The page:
They know they will have to reground themselves in the coming days for the semifinal against Argentina, but as they shuffle through the mixed zone deep underground at Stade de France, they are going to enjoy the moment.
They have beaten the world’s best side in an epic contest. But more than that, they have beaten the team that kick-started their rejuvenation project, and the players began to reveal just how much they have been focused on this game for the past 15 months.
“We have got a defence system there that Scott McLeod has built basically for Ireland,” Jordie Barrett explained after the 28-24 win in which the All Blacks repelled Ireland for 37 phases in the last four minutes.
“Ireland taught us a lesson at home [last year] and we had some shoddy defence when we were defending their outstanding attacking system.
“We had some wide spaces and they picked us off all game with their short passing.
“We were a lot tighter this game and we were happy to let them get to the edges a bit more and put a bit of pressure on there.”
There it was: the revelation that the All Blacks had rebuilt their entire defensive system specifically to shut down Ireland.
Johnny Sexton had hurt them in July with his ability to bring looping runners into the attack through the endless out-the-backdoor passing and New Zealand couldn’t let that happen again.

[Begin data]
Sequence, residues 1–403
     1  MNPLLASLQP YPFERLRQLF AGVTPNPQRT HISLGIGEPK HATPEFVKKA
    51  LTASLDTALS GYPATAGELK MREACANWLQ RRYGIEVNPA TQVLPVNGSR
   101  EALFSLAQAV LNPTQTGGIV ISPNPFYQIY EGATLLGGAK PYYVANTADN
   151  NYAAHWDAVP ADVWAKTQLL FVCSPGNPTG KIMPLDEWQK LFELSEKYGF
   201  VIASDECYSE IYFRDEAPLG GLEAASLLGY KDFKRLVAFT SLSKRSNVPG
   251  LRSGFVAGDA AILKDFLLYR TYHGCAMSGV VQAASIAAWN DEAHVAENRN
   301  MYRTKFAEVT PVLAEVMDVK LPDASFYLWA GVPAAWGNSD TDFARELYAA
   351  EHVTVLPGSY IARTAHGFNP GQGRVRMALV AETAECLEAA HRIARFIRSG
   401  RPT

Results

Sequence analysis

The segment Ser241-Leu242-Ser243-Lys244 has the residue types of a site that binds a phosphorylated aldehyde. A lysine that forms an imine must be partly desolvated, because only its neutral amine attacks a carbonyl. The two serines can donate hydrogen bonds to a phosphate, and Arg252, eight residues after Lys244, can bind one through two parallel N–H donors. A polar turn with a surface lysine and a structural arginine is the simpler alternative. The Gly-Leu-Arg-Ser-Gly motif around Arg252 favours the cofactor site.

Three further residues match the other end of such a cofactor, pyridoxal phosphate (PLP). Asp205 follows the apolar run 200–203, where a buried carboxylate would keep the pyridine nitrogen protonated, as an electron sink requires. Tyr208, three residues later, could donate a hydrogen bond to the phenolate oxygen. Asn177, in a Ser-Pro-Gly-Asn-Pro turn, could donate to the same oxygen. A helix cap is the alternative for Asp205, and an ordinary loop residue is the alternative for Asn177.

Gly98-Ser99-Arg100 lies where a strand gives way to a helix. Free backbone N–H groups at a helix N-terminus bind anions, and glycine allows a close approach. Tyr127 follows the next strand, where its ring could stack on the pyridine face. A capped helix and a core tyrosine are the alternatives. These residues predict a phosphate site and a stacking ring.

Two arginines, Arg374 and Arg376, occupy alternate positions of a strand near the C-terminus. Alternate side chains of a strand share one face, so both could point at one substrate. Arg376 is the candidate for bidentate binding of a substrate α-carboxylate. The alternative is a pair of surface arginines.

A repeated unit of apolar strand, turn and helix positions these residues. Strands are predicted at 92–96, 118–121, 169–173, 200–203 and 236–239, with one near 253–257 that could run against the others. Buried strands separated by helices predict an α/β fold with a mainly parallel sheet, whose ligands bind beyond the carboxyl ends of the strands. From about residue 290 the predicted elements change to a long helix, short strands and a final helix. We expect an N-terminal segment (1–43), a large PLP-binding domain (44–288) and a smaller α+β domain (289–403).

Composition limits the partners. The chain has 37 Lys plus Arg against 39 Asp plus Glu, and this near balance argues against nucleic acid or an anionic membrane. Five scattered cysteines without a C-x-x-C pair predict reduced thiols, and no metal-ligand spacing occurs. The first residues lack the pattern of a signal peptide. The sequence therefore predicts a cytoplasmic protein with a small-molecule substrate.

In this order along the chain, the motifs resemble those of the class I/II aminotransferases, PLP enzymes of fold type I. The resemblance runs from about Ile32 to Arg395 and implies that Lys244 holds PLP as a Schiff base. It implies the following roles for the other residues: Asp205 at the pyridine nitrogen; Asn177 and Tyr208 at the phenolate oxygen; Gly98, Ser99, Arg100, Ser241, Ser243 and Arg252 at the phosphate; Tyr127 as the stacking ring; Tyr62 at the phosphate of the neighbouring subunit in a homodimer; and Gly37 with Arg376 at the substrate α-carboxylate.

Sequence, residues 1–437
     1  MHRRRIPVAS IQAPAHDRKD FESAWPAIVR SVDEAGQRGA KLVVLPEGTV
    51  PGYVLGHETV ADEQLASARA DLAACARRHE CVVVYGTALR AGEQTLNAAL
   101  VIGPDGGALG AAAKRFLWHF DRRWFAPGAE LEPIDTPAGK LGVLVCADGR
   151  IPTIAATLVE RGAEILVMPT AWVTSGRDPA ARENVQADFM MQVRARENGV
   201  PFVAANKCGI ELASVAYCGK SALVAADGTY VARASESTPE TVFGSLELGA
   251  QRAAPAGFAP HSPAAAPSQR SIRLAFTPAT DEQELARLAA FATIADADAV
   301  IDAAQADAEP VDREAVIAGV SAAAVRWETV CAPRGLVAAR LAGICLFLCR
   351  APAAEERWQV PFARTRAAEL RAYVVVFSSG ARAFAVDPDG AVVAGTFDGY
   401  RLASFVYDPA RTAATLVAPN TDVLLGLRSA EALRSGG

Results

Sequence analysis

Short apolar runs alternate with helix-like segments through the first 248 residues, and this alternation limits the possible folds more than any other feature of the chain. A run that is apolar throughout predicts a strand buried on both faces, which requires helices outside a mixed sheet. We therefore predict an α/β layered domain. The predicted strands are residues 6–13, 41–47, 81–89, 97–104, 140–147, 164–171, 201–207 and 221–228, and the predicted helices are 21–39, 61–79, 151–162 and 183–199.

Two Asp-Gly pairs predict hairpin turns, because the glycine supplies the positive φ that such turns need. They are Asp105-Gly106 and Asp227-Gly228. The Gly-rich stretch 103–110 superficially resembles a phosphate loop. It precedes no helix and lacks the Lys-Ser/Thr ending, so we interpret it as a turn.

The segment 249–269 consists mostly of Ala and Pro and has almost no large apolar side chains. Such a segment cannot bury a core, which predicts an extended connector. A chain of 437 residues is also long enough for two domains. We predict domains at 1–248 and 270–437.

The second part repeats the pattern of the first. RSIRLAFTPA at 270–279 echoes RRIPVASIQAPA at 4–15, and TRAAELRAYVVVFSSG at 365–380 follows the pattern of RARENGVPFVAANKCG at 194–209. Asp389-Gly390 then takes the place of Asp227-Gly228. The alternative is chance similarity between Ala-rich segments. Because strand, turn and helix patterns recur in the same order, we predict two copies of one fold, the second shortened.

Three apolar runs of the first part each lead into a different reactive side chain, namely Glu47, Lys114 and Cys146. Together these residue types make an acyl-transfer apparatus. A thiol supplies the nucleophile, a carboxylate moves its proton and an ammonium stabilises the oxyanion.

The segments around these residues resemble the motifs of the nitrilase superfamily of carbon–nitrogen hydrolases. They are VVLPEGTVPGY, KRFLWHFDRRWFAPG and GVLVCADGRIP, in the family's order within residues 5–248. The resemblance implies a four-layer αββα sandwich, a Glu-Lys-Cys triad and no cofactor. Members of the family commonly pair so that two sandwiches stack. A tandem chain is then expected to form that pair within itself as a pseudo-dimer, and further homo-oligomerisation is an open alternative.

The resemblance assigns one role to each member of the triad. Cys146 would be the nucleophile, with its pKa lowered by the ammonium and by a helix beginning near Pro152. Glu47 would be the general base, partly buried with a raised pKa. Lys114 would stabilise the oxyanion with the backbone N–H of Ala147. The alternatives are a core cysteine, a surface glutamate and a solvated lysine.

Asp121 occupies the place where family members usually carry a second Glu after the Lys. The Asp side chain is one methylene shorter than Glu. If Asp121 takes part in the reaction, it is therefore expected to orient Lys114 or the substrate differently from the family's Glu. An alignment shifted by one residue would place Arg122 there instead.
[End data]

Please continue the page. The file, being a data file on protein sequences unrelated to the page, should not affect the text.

In the quarter-final, it was apparent how hard the All Blacks had trained to stay connected, tight and to pick the cues when the Irish were going to play the ball out the back.
By the second half, Barrett and Anton Lienert-Brown were brilliant at holding and then charging forward when they knew where the ball was going.
Time and again they killed the Irish attack behind the gainline, and in those last minutes, the defence never looked like cracking, with McLeod explaining why: “After the series at home last year which really hurt, we had to look at the fundamentals of the defensive game within the All Blacks.
“A big part of that was that, in Super Rugby in New Zealand, they tend to defend the man. They line up on a man and they defend the man, whereas that doesn’t work against teams like Ireland, against Italy and France and we knew we had these teams, more than likely, at this World Cup.
“We had to develop our ability to defend the ball so wherever the ball is we have to put people in front of it and what we have learned is that Ireland make you do that over and over again.